Researchers divided 60 tomatoes into three groups — refrigerating one group, keeping a second group at room temperature and dipping the third group in 122°F water for 5 minutes to simulate blanching. The results showed that refrigeration greatly reduced 25 of 42 aroma compounds and reduced volatile levels overall by 68%. Blanching also greatly reduced 22 of 42 compounds and reduced volatile levels overall by 63%. The results spell out why it is better to store tomatoes — and wash them before use — at room temperature.
U.S. Foods Holding has registered with the Securities and Exchange Commission to price its planned initial public offering between $21 and $24 per share. The company intends to price its 44.44 million shares, with an overallotment option for an additional 6.67 million shares. At the maximum price, the entire offering is valued up to $1.23 billion.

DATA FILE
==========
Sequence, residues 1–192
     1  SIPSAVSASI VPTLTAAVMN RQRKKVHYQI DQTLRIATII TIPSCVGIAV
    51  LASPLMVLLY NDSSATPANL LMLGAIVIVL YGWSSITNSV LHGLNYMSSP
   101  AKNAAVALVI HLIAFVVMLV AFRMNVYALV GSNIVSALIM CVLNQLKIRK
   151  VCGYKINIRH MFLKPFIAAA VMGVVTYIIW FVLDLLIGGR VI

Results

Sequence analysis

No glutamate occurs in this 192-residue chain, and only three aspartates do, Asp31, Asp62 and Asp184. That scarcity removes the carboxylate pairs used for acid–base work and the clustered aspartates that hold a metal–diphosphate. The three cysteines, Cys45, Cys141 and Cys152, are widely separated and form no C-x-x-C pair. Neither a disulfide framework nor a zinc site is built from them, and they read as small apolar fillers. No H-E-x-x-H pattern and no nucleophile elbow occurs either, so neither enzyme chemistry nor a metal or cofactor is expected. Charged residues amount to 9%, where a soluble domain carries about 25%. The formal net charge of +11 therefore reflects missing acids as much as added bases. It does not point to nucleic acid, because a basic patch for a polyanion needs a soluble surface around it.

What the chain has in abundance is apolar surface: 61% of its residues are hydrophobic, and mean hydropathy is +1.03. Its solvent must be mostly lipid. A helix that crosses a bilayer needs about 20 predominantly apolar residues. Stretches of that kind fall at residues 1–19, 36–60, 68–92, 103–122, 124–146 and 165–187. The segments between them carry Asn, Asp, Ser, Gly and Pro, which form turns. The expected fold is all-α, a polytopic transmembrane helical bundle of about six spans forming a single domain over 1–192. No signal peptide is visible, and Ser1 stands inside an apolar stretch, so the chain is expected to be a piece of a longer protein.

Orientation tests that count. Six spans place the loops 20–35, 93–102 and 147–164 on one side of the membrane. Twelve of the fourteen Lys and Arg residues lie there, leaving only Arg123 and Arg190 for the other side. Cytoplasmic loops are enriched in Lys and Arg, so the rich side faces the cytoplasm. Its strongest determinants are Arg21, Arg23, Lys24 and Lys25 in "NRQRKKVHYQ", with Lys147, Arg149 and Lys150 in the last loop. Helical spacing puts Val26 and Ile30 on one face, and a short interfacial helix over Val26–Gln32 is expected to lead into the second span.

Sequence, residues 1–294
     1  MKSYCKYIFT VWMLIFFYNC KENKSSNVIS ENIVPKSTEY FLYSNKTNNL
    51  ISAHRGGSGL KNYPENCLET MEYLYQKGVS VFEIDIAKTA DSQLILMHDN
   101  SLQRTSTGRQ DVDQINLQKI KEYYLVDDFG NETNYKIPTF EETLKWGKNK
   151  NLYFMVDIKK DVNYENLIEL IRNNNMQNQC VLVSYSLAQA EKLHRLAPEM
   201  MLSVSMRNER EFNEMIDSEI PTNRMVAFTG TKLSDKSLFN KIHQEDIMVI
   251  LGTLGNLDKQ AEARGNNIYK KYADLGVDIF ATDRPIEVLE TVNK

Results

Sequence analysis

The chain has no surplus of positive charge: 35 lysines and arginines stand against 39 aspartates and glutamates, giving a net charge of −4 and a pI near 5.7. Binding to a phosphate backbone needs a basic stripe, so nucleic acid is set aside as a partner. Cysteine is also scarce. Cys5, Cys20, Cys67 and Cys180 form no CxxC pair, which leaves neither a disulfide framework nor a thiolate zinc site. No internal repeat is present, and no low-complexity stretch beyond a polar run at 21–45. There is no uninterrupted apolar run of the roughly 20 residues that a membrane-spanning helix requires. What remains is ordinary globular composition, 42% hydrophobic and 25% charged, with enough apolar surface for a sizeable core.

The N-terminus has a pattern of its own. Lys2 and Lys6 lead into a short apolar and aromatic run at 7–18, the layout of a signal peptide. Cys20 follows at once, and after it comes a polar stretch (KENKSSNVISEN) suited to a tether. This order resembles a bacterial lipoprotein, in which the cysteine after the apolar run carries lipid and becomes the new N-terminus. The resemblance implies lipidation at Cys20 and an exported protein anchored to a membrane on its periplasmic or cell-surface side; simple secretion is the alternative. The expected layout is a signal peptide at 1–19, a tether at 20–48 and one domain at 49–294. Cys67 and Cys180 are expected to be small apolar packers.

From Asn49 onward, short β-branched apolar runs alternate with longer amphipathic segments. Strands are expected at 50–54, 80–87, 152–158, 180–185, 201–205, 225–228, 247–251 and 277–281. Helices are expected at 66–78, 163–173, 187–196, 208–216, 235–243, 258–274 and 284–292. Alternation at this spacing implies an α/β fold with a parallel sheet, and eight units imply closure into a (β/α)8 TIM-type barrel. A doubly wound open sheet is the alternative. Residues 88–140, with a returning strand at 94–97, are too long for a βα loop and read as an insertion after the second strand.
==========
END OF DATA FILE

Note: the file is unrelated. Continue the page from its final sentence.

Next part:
‘Fat-free,’ ‘non-dairy,’ ‘all-natural’, ‘sugar-free’, ‘gluten-free’ . . . are all in recent history’s hit parade of terms perceived by many consumers as a sign that that a product is somehow ‘better’ or ‘healthier.’ The most recent term to join this hit parade is ‘non-GMO.’
At the Cafe Gratitude restaurant chain in California, waiters serve plates of vegan rice bowls, vegetable pizzas and tempeh sandwiches with names such as "Gracious," ''Warm-Hearted" and "Magical." The last two weeks, though, have been anything but kind.
Angry patrons and animal rights activists are calling on vegans to boycott the restaurants after learning that owners Matthew and Terces Engelhart have begun eating meat and consuming animals raised on their private farm. "The brand has betrayed my trust by turning around and killing the animals that trust them on their property," said Anita Carswell, a communications manager for In Defense of Animals who says she won't eat at Cafe Gratitude again.